The Supreme Court has extended the deadline for central empowered committee (CEC) to submit the report on status of illegal mining in Odisha by a month.
The CEC was scheduled to submit the report to the apex court on September 15, but had sought more time to meet this obligation due to delay in compiling the report.
In its report, the CEC is supposed to mention the views of mines lease holders, officials of different state government departments and also findings of M B Shah Commission, which has already filed its report on the illegal mining in Odisha.
Due to delay in compiling all these information, the CEC had requested the top court to extend the deadline for submission of its report by three weeks.
But keeping in view the coming Durga Puja holidays, the court has extended the deadline by a month.
“It seems the report will now be submitted after October 13,” said Manas Mohapatra, an advocate for mines lease holders.
The CEC received the complete report on the status of mining in Odisha from the state government only last week. It had asked the state government to provide information listed in 26 queries.
In July this year, during their field visit to mining areas in Odisha, a team of CEC members had found major discrepancies in data showed by mines leaseholders and state government regarding lease boundary and mineral extraction.
To clear the confusion, the CEC members had asked for more data from state pollution control board, forest department, vigilance wing of the police and steel and mines department about mines lease renewal, illegal mining, extension of lease boundary, encroachment of government land, mining in forest areas and excess extraction of ore.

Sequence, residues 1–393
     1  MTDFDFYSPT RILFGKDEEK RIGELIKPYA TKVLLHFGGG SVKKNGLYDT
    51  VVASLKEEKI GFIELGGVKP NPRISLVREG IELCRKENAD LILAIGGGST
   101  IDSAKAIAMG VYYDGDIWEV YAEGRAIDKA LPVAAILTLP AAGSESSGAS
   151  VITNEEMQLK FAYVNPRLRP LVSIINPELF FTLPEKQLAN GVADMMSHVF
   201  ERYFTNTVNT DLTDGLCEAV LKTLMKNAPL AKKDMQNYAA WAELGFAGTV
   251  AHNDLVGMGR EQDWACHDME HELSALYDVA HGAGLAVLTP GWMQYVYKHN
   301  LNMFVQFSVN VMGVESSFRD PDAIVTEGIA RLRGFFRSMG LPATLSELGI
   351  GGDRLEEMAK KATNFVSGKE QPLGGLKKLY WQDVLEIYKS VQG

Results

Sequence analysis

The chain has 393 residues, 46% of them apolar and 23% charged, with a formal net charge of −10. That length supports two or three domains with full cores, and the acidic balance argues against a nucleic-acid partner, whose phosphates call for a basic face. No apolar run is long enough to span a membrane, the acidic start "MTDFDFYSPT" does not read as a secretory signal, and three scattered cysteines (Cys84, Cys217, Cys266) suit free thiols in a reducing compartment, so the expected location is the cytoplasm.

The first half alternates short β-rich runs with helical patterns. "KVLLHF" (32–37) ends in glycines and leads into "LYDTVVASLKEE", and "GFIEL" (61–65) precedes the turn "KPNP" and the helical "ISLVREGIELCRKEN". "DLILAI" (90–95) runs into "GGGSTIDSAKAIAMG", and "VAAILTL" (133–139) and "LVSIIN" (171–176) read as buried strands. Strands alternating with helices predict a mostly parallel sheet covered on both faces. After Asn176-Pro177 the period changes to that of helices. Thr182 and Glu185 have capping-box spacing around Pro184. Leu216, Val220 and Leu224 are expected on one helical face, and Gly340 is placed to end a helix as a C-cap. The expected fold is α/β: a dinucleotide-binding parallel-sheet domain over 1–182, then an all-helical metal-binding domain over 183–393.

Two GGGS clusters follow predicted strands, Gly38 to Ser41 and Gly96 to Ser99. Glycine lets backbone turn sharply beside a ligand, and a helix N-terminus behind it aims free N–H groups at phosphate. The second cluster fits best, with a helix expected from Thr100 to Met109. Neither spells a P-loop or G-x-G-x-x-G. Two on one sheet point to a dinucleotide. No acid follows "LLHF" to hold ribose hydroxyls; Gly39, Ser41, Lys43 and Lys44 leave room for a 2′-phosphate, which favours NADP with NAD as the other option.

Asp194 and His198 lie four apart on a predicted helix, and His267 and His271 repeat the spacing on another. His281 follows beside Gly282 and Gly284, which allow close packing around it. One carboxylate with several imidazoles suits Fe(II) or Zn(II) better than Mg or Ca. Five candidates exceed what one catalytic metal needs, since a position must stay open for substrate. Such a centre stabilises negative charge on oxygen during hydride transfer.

It had also asked the miners to present their data before the government for rectification.
In the first week of August, the state government submitted its data and records after discussion with mine owners. Later, the CEC conducted a meeting of the miners at Delhi between August 5 and 15 and found out that there was still discrepancies in government records.
The CEC then asked the state government to sit with the miners once again and send rectified data about mineral extraction and other details.
After data reconciliation, the state government sent the revised data last week to help CEC prepare a complete report about status of illegal mining in Odisha.
In April this year, the CEC was instructed by the Supreme Court to submit a report on the status of illegal mining in Odisha while hearing a public interest litigation (PIL). In its petition, civil society organisation Common Cause had appealed the top court to ban mining in Odisha after leaked reports of Shah Commission of enquiry suggested all modes of illegal mining taking place in the state between 2003 and 2009.
It had also demanded a probe by Central Bureau of Investigation (CBI), based on recommendation by the Shah Commission. In its second report, the enquiry commission had recommended CBI probe against 14 mining firms in the state.